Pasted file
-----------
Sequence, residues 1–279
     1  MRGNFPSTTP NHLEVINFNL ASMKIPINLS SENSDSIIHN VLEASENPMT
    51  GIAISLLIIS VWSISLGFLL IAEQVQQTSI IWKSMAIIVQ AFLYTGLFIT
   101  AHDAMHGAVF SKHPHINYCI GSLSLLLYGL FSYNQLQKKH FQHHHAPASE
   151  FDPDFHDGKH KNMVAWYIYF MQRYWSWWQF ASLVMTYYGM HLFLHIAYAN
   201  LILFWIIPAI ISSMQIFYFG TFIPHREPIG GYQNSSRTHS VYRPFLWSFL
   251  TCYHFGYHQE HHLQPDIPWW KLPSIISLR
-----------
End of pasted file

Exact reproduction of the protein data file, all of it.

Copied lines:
Sequence, residues 1–279
     1  MRGNFPSTTP NHLEVINFNL ASMKIPINLS SENSDSIIHN VLEASENPMT
    51  GIAISLLIIS VWSISLGFLL IAEQVQQTSI IWKSMAIIVQ AFLYTGLFIT
   101  AHDAMHGAVF SKHPHINYCI GSLSLLLYGL FSYNQLQKKH FQHHHAPASE
   151  FDPDFHDGKH KNMVAWYIYF MQRYWSWWQF ASLVMTYYGM HLFLHIAYAN
   201  LILFWIIPAI ISSMQIFYFG TFIPHREPIG GYQNSSRTHS VYRPFLWSFL
   251  TCYHFGYHQE HHLQPDIPWW KLPSIISLR